The firm of Jacobowitz and Gubits, LLP successfully represented the Planning Board of the Town of New Paltz in an Article 78 litigation that challenged the planning board’s decision not to approve a significant student housing project as well as the board’s authority to do so.
In 2011, Wilmorite, Inc., a Rochester-based developer, made application to the Town of New Paltz Planning Board to develop Park Point New Paltz, an off-campus residential project that would provide housing for 700 students attending SUNY New Paltz. The applicant and the planning board determined that the size and potential impacts of the project warranted preparation of an environmental impact statement, and the planning board assumed lead agency status to oversee its preparation. George Lithco, of Jacobowitz and Gubits, LLP, represented the planning board during the board’s extensive zoning and SEQR review.
In 2013, after the close of the public hearing on the draft EIS, Wilmorite made application to the Ulster County Industrial Development Agency (IDA) for a special payment-in-lieu-of taxes (PILOT) incentive that exempts “dormitory projects” from real property and other taxes. The planning board retained a consultant to evaluate the impacts of the project on community services.
Upon completion of the SEQRA review, the planning board issued a SEQRA findings statement on the impacts of the project. The findings demonstrated that the project would have significant adverse impacts on community services, including police, fire, emergency medical services and schools, and that unless the project could mitigate those impacts, the planning board determined that it could not approve the project. The IDA later approved the tax exemptions and PILOT agreement, and the planning board then amended its findings to reflect that fact, and adopted a resolution denying the site plan application.
Wilmorite brought an Article 78 proceeding to challenge the planning board’s decision. The suit claimed that the planning board decision was arbitrary, capricious and without support in the record. The suit also claimed that the board’s SEQR findings and project denial overstepped its jurisdictional bounds and intruded on the authority of the IDA. George Lithco, Ben Gailey and Kelly Pressler of Jacobowitz and Gubits, LLP represented the planning board in the litigation.
Judge Melkonian, sitting in Ulster County Supreme Court, dismissed the Article 78 petition in its entirety, ruling that the Planning Board had taken the required ‘hard look’ at Wimorite’s application and reached a decision that was proper and clearly based on the extensive record before it. Contrasting the broad role of the planning board, as lead agency, in evaluating the impacts of the entire action against the limited role of the IDA in approving a tax exemption, Judge Melkonian found that the planning board was obligated to determine the impact of the project and PILOT on the taxing jurisdictions and the critical community services they provide to property owners and residents. Given their respective roles and jurisdictions, Judge Melkonian noted that it was entirely possible that two involved agencies, such as the planning board and the IDA, could reach different conclusions about the merits of an action. While the planning board has no authority to dictate whether a PILOT should be approved or on what terms, SEQRA does require the board to make findings and consider those findings when taking action.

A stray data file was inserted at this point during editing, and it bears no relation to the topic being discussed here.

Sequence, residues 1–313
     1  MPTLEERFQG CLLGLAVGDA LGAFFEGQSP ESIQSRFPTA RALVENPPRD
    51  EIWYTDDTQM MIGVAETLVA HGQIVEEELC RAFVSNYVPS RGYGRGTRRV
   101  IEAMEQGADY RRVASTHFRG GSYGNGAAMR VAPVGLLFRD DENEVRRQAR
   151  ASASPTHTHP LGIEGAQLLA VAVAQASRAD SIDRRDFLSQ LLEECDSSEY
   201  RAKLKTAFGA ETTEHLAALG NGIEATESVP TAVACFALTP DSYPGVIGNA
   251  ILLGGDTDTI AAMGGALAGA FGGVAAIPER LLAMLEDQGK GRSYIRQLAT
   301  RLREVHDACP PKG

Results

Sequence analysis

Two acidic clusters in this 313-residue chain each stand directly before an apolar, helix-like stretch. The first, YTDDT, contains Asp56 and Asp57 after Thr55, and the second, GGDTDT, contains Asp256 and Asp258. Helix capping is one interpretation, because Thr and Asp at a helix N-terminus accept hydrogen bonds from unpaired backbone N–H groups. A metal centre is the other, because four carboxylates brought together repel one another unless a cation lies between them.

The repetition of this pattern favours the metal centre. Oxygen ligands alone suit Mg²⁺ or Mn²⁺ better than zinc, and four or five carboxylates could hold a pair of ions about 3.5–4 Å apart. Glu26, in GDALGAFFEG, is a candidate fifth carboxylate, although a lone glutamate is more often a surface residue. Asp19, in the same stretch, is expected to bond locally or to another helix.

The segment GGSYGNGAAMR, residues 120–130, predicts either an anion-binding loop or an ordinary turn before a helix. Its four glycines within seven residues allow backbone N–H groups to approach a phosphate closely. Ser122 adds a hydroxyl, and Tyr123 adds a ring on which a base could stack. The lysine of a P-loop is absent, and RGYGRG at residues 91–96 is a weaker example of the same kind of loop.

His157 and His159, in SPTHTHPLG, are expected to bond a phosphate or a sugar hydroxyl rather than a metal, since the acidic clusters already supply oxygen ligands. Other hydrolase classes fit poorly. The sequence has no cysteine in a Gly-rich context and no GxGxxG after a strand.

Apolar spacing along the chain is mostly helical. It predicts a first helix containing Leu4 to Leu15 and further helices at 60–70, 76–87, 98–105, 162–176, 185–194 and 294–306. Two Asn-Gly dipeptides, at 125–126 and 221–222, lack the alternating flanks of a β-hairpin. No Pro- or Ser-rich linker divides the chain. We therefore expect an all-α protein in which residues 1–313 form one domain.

“This case highlights the importance of involving counsel and other professionals at strategic points in the environmental review process, particularly when a land-use action is complex, has significant impacts, and changes over time,” said George Lithco of Jacobowitz and Gubits. “As local governments struggle with tax caps, higher costs for municipal services and stagnant property tax revenues, some development projects can have significant impacts on important community services. By taking an active role in the SEQRA process, we were able to help the board understand those impacts so that potential issues will be avoided. This outcome is significant for the Town of New Paltz,” he continued.